Like Nelson Mandela and Martin Luther King, it took his death for Pete Seeger to be universally acclaimed. But in my little corner of the universe, he always was.
Once upon a time – say about half a century ago – when just about the entire Jewish community in Canada was politically progressive, Pete was an integral part of our lives (everyone called him Pete). Even as most Jews in post-war Canada climbed out of the working class into the heady heights above, the camps they sent their kids to still preached peace and justice, and Pete and the Weavers were their musical accompaniment.
Earlier Pete had his Almanac Singers, and if the album I still have is anything to go by, they had more passion than talent. But when you were celebrating the "Union Maid" (the story of a union organizer who wasn't afraid of the company's goons and finks and the deputy sheriff in the pocket of business), or "Talking Union" (organize a union and you'll get increased pay, decreased hours and time off "to take your kids to the seashore"), or above all, the workers' anthem, "Solidarity Forever", for the Union makes you strong – well, brothers and sisters, when you were bellowing out those songs at the top of your young idealistic lungs, it hardly mattered whether anyone was singing on key or not. Or whether workers' solidarity actually existed.
I saw him first in the late 1950s in a common room at the University of Toronto. Even now I can conjure up the spirit of the evening as if it were yesterday. Pete sang his leftie heart out in that small crammed space, while we roared along, to his and our great pleasure. If he had declared the socialist revolution had begun that night and commanded us to march, we would have followed him anywhere.
I've seen him a few times since, most memorably about 15 years later at Massey Hall, when so much had changed. On the one hand, progressive Canadians had vehemently opposed America's aggression against Vietnam and gave their hearts to the murdered Martin Luther King. But at the same time, many of them had now become successful professionals. I'll not name names to protect their current status, but really, they had moved on.
So that evening was one final nostalgic tribute to their idealistic past. The big hall was jammed, and I swear I knew just about everyone there. It took Pete maybe one whole chord to get the entire auditorium on their feet belting out those old favourites with him. As always, his music turned an audience into a community for a few thrilling hours. Everyone knew at least some of the words to all of the songs, whether recalling the lost hope of the Spanish civil war or trying to believe that We Shall Overcome.
He was, of course, an ornery bugger. David Dunaway's largely celebratory biography, How Can I Keep from Singing, reveals Pete to have always been difficult, stubborn, uncompromising, even with his comrades. But we surely know by now that genius, even among the good guys, comes at a price. It was precisely his unshakeable conviction in his principles and sense of integrity that was responsible for his finest hour, when he stood up to the "fascists," those American politicians and media who persecuted him for his "anti-American" songs about peace, justice and unions and threatened to destroy his folk-singing career.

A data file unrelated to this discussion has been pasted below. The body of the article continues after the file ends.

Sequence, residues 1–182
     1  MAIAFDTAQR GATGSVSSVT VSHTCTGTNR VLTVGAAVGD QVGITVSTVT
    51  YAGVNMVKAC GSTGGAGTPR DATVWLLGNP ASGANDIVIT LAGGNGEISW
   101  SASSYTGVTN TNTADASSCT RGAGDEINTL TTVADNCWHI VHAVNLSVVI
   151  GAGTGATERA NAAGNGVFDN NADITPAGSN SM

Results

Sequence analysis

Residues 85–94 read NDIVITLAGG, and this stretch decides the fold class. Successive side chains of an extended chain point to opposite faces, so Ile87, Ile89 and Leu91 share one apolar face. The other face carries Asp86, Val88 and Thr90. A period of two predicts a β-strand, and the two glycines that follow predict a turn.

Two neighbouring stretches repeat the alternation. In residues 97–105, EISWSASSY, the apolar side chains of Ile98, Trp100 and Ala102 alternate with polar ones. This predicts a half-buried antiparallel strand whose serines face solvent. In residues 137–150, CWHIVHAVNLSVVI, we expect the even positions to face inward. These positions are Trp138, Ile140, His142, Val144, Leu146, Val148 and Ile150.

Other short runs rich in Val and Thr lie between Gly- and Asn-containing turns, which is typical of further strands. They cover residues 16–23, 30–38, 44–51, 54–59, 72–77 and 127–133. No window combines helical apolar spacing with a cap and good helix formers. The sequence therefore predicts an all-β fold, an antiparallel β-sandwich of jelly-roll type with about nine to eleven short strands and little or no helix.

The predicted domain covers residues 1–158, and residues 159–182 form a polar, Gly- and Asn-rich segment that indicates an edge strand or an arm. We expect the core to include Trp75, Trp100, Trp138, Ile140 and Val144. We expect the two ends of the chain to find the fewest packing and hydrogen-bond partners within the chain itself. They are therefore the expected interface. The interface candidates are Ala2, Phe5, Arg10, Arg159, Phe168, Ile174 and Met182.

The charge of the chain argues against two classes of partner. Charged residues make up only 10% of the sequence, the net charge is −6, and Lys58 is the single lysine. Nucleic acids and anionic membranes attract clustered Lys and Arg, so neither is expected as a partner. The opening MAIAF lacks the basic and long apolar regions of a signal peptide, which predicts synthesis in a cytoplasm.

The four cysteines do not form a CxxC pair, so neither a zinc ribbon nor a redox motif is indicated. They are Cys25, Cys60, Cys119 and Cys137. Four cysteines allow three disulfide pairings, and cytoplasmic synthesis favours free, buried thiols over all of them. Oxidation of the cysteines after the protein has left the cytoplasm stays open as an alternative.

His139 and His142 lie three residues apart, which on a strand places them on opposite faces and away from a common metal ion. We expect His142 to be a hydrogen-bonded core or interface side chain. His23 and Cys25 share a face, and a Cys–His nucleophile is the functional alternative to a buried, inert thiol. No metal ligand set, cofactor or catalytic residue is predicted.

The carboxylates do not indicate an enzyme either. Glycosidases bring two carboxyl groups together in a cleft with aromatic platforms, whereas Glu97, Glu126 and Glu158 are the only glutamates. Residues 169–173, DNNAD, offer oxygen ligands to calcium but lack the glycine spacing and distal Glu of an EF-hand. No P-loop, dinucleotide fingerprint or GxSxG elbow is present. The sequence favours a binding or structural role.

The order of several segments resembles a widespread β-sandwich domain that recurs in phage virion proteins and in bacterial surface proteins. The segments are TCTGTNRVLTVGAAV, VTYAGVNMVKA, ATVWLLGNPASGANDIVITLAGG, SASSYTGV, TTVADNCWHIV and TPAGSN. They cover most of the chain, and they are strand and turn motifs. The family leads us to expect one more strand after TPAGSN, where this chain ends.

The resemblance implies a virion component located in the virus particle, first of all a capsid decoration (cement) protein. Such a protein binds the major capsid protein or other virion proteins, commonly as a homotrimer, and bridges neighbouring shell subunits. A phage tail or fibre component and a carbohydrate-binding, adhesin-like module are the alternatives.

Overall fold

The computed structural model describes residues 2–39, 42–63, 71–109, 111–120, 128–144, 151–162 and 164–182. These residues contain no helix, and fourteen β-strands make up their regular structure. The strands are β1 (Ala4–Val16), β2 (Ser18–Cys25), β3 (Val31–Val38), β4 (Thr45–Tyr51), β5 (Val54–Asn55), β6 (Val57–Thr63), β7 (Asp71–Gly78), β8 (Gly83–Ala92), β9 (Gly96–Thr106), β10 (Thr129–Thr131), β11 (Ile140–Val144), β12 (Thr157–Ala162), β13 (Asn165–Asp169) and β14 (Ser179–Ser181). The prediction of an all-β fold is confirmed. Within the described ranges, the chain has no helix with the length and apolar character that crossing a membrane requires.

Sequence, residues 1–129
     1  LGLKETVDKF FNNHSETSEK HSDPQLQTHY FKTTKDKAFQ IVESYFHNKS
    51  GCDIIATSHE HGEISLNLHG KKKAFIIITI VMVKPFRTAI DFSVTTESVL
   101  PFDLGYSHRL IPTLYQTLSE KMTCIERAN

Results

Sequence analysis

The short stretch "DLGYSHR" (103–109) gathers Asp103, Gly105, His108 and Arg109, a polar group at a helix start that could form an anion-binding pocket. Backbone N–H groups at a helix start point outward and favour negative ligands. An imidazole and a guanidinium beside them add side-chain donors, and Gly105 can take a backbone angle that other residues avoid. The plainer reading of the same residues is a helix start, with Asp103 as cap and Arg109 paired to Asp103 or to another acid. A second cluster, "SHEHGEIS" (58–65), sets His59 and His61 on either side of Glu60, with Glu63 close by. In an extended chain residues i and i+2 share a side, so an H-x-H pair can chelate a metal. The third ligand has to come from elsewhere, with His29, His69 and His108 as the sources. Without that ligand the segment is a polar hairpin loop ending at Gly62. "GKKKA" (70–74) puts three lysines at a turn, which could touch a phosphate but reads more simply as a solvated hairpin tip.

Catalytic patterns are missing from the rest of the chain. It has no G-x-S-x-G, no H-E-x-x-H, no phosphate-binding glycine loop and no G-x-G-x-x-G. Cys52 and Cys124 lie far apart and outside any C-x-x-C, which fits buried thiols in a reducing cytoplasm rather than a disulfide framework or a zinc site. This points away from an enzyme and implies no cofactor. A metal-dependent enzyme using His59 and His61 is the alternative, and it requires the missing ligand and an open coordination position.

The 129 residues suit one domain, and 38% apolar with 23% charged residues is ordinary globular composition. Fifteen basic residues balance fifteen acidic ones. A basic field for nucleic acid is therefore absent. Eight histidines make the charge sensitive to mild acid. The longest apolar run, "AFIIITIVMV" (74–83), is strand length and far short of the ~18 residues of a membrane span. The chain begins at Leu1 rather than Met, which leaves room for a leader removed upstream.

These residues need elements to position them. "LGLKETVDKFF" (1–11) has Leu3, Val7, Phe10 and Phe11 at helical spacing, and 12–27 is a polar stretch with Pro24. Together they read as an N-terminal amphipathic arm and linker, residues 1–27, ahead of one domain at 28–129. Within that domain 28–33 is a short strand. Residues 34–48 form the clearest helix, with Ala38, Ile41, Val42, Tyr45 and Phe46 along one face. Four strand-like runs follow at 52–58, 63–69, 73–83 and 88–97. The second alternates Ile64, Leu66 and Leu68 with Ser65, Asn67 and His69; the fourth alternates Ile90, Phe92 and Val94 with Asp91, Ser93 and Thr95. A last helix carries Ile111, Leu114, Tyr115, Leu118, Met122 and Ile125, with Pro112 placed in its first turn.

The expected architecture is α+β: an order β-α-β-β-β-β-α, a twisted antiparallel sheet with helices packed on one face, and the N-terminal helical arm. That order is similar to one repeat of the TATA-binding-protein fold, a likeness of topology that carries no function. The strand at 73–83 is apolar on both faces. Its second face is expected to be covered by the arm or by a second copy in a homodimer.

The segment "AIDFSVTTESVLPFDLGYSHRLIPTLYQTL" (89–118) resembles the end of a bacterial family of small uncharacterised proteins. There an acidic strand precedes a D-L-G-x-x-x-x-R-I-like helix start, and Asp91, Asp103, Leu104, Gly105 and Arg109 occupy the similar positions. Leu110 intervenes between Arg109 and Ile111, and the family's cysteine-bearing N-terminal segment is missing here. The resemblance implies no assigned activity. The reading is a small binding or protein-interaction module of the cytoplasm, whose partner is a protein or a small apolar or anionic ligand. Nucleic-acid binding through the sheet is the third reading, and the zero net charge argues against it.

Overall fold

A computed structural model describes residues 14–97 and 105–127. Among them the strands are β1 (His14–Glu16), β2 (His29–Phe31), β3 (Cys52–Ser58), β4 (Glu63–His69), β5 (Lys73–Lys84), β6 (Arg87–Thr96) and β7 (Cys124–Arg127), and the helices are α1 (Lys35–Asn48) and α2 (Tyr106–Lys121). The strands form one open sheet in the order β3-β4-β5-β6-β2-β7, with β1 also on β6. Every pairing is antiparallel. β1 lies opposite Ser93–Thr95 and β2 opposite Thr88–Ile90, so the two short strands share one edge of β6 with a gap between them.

Pete gave the only response he knew how to give: This land is my land, and no mob of two-bit Joe McCarthy clones was going to tell him how to live in it. Sure enough he was blacklisted from all public appearances for years, the baying politicians finding ready complicity among the corporate sponsors and media moguls who sold him out without a second thought. They were tough times, all right, but Pete being Pete, all they did was confirm to him that he'd been right in the first place.
Near the end, it seemed for one brief shining moment that his entire life's crusade had finally triumphed. It was January 2009 in Washington, Pete was almost 90, and history was being made. He was invited to perform for the newly-elected President at a gigantic party to mark the inauguration. So with the Obama family sitting in the front row singing along, Pete teamed with Bruce Springsteen to perform his own This Land Is My Land. It truly seemed to symbolize that a new, just America had at long last been born. The shame is that he lived long enough to become disillusioned, and to see that his old banjo – his "machine that surrounds hate and forces it to surrender" as he called it –was needed as much now as ever. So long, Pete, it's been good to know ya. And we shall overcome, one day.